Here, the flowing fluid enters the center of a centrifugal pump-type impeller driven at a constant angular velocity (w). As the fluid’s tangential velocity (r.w) increases, it reacts on the impeller with a force directly proportional to the mass flow rate. This Coriolis force is measured by the torque measuring tube.
Obvious problems include:
►Maintaining the motor speed to provide a constant angular velocity (w).
►Slip rings for power and measurement of torque
►High unrecoverable pressure loss
►Wear and tear
It was not until 1977 that engineer and inventor Jim Smith, founder of Micro Motion, patented the first practical system. Rather than use rotational movement, this system was based on a vibrating tube system to provide oscillatory movement.
Figure 7. A pipe, formed in a loop, is vibrated around the z axis so that the straight parts of the pipe, A-B and C-D, oscillate on the arcs of a circle.
The basic principle is illustrated in Figure 7 in which a tubular pipe, carrying the liquid, is formed in a loop and vibrated around the z-axis. The straight parts of the pipe, A-B and C-D, oscillate on the arcs of a circle and without any flow will remain parallel to each other throughout each cycle.
If a liquid now flows through the tube in the direction shown, then the fluid particles in section A-B will move from a point having a low tangential velocity at A to a point having a high tangential velocity at B. This means that each mass particle must be accelerated in opposition to the mass inertial resistance. This opposes the pipe's direction of rotation and produces a Coriolis force in the opposite direction. Conversely, in section C-D, the particles move in the opposite direction – from a point having a high tangential velocity at C to a point having a low tangential velocity at D.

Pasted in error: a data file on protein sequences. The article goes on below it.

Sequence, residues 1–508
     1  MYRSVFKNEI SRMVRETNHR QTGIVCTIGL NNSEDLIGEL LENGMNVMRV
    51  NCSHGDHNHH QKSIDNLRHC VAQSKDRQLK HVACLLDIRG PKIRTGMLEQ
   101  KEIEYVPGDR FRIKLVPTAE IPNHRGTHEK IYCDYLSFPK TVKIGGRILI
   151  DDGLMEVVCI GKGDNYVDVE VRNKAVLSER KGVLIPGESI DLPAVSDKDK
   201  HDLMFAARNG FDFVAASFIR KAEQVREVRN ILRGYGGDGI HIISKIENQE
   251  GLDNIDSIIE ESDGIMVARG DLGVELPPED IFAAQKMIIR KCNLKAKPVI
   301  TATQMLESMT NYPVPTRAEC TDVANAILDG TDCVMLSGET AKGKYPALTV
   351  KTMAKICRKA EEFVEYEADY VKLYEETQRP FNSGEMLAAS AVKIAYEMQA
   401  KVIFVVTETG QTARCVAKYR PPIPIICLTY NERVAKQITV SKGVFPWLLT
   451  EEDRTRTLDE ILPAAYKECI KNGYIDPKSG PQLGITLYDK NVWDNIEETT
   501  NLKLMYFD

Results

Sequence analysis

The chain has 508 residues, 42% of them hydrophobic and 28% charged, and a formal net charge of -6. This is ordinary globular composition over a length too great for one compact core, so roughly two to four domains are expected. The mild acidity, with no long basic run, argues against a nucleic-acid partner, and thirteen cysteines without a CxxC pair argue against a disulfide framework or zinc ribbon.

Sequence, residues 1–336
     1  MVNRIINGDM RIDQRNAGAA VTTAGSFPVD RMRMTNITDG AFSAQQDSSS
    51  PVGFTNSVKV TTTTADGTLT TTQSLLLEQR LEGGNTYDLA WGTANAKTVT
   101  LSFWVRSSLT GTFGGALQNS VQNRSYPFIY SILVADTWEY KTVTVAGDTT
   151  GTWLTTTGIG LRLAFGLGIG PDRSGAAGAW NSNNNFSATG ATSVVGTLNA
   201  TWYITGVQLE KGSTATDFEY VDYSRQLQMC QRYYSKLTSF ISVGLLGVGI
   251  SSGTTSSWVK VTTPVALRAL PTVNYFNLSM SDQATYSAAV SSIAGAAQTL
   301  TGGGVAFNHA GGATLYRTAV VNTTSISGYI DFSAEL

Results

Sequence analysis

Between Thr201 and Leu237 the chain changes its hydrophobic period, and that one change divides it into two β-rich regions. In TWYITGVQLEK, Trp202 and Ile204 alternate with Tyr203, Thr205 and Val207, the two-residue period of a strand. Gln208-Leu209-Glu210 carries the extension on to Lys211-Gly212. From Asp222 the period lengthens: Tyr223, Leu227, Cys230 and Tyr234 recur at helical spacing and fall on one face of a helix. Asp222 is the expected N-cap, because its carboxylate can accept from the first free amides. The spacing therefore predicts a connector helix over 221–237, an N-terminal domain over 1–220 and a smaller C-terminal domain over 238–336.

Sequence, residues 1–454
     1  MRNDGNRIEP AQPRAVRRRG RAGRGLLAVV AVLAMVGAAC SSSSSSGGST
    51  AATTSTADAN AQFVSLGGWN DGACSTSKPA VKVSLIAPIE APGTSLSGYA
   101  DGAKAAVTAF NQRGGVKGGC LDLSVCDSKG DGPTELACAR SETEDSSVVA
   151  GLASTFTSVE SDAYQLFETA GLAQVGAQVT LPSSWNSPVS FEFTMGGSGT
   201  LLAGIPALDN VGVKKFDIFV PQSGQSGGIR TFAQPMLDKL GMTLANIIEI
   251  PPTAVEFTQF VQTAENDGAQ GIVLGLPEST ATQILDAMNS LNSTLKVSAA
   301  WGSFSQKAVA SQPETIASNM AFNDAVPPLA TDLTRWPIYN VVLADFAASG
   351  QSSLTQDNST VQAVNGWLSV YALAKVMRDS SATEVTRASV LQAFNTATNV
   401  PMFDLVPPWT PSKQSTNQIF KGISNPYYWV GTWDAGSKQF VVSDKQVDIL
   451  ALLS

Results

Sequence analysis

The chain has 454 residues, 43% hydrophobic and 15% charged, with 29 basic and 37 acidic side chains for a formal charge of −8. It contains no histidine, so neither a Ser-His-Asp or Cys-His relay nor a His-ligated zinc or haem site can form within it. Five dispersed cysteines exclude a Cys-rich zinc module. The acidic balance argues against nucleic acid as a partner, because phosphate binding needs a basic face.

The resultant effect of these Coriolis forces is to delay the oscillation in section A-B and accelerate it in section C-D. As a result, section A-B tends to lag behind the undisturbed motion whilst section C-D leads this position. Consequently, the complete loop is twisted by an amount that is directly and linearly proportional to the mass flow rate of the fluid – with the twisting moment lent to the pipe arrangement being measured by sensors.
Figure 8 (a) shows the oscillatory motion applied to a single tube whilst Figure 8 (b) shows the forces acting on the tube in which there is fluid flow. As a result, the complete loop is twisted by an amount that is directly and linearly proportional to the mass flow rate of the fluid (Figure 8(c)) – with the flexure of the pipe arrangement being measured by sensors.
Figure 8. (a) Oscillatory motion applied to a single tube. (b) Forces acting on the tube in which there is fluid flow. (c) Complete loop is twisted by an amount that is directly and linearly proportional to the mass flow rate of the fluid.